The Rise & Fall Of Silicon Valley Bank

Grip Invest
Published on
Mar 14, 2023
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    Silicon Valley Bank

    If you're an investor, work in banking or simply someone who stays abreast of finance news you would have heard about the collapse of The Silicon Valley Bank.

    The bank has been in their own words "The financial partner of the innovation economy".

    It has helped individuals, investors, and the world’s most innovative companies achieve their ambitious goals. From global commercial banking to private banking, wealth management

    investment banking, venture capital, and credit investing - SVB did it all.

    The bank's total assets were worth $212bn, giving it the moniker of the 16th-largest bank in the US. A 40-year-old bank, SVB has been a banking partner for groups such as Cisco, Beyond Meat, and Shopify when the brands were still young. The bank claims to serve 50% of all start-ups and VC funds in the US. 

    Now, it's under the scanner as what many are calling America's biggest banking failure since 2008. Over this weekend, Indian Saas firms were running from pillar to post trying to transfer their deposits.

    What Went Wrong?

    A well-established and dominant player in the startup ecosystem for years, SVB provided banking services to early-stage companies and venture capital firms. However, between 9th March and 10th March 2023, SVB suffered a sudden and what many would describe as a shocking fall due to a series of unfortunate events.

    One of the major reasons for the downfall of SVB was the investment losses it incurred in its treasury investments. As interest rates rose rapidly over the last 12 months, the bank's bets on these investments went wrong, leading to a loss of almost $2 billion. Despite this setback, the bank's core business of lending and deposit-taking remained stable. 

    How Did This Impact The Bank's Stock?

    To recover from the treasury loss and mismatch in the timing of certain cash flows, SVB announced a fund-raising plan. However, this plan was not perceived to be enough to mitigate the panicked response of depositors who started withdrawing their money from the bank.

    This resulted in a bank run, which worsened the bank's cash flow mismatch and started an out-of-control spiral. The bank's stock plummeted by 60% overnight, leading to regulators taking over the bank and closing it down.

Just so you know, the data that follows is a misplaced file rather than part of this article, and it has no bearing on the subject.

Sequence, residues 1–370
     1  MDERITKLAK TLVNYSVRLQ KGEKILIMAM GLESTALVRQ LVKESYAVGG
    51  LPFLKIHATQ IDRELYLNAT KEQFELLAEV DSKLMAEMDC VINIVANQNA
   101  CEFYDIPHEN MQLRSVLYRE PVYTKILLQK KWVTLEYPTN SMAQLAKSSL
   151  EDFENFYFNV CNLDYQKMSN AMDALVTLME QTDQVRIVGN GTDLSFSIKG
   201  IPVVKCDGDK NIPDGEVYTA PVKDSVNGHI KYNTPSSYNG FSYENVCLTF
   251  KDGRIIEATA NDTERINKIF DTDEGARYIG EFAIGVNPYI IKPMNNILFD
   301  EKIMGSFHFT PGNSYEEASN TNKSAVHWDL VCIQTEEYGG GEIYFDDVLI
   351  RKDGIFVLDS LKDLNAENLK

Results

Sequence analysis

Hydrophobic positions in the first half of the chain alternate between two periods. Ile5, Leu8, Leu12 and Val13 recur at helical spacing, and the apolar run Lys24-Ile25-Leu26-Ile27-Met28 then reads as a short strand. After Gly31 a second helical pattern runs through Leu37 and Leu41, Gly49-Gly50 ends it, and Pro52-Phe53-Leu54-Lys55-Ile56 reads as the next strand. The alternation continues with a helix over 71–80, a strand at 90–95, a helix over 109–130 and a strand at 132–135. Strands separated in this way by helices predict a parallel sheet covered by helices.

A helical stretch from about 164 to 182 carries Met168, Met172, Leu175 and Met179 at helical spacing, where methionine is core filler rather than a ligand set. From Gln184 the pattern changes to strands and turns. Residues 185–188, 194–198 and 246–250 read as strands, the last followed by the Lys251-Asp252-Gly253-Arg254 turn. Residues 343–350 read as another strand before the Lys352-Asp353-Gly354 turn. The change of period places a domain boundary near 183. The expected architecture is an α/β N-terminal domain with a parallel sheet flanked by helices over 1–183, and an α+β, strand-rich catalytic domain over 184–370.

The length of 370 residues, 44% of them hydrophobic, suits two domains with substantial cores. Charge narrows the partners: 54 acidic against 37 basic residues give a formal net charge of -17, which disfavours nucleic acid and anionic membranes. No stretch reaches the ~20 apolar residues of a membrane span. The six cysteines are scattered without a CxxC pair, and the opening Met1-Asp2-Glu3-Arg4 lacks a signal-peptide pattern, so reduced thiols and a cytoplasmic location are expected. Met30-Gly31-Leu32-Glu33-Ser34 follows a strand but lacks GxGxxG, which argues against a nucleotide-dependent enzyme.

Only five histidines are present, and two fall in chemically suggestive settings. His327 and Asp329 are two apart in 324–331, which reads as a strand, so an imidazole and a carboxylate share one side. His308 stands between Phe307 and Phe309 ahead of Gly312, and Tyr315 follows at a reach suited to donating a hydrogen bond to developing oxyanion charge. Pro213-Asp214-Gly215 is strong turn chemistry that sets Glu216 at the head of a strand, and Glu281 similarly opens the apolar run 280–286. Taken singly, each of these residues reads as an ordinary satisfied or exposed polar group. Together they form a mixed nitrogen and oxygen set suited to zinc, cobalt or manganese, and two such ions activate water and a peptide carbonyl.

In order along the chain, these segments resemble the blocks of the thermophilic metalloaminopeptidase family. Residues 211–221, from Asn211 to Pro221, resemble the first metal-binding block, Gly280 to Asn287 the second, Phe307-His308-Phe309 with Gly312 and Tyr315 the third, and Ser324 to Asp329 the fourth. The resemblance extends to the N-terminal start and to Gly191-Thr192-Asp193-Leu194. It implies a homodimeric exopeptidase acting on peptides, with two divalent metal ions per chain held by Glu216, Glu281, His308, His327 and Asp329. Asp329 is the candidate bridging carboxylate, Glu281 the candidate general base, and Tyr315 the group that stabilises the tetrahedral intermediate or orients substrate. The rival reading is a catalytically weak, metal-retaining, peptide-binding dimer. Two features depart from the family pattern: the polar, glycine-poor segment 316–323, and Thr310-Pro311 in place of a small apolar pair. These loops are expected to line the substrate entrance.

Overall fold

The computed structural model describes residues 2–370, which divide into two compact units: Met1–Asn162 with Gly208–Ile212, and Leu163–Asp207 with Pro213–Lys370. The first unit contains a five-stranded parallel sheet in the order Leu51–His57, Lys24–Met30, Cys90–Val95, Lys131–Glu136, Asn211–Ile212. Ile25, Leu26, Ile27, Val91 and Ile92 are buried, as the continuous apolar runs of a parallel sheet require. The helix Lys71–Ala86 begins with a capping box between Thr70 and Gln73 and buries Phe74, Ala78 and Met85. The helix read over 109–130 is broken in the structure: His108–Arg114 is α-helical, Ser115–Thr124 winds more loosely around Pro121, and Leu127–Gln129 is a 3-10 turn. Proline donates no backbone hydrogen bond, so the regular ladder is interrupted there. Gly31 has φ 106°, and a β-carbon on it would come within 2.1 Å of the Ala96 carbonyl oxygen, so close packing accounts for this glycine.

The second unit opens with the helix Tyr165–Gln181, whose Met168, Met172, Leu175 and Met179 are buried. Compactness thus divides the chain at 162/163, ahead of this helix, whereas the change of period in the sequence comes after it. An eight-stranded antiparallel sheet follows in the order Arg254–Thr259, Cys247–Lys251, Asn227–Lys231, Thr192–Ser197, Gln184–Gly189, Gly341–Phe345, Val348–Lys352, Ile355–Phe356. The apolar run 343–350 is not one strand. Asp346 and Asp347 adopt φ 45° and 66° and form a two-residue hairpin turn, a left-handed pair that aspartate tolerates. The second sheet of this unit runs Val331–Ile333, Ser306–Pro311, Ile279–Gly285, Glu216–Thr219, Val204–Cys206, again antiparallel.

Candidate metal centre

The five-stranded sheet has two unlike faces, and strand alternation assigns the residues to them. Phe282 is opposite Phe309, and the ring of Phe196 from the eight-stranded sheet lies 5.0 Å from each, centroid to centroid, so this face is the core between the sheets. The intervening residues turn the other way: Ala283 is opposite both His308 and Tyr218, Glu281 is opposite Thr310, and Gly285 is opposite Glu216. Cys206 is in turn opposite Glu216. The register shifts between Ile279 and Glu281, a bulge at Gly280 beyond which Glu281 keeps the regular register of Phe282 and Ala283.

What Will Happen Now?

    U.S. Treasury Secretary Janet Yellen, US central bank chief Jerome Powell, and FDIC Chairman Martin Gruenberg have approved a resolution plan where all depositors of SVB will be returned their money in full starting Monday.

    HSBC Holdings has recently announced that its UK ring-fenced subsidiary, HSBC UK Bank plc, will be acquiring Silicon Valley Bank UK Limited (SVB UK) for £1.

    The fall of SVB is also likely to increase anxiety for stock investors. China's CSI300 Index for example fell 4% last week and Hong Kong's Hang Seng index plunged 6%.

    How Does This Impact Grip And My Investments?

    Grip does not bank with SVB and none of our capital is impacted by this development. The 120 companies that have worked with Grip also do not have any risk on their capital. Hence none of your investments are impacted by this development. We have always believed in having a robust diligence process, especially monitoring the quality of financial institutions a company works with. 

    This incident highlights the need for sustainable and diligent practices in the finance industry. At Grip, we truly believe that trust is the most important currency in finance, and it must be protected at all costs. The failure of SVB should serve as a warning to other financial institutions to be cautious and conservative in their investment strategies, especially in times of volatility.

    For Indian startups, this incident reiterates the importance of diversification and minimising exposure to overseas banks. While it is okay to have some reliance on US funds, it is crucial to ensure that most of not all your money is in India, minimising the risk and impact of such incidents on the Indian startup ecosystem.

    Overall, the sudden fall of Silicon Valley Bank should serve as a wake-up call for the finance industry. The need for responsible and sustainable practices has never been more apparent. It is crucial to maintain trust and protect the interests of customers and stakeholders to ensure the long-term stability and success of financial institutions.

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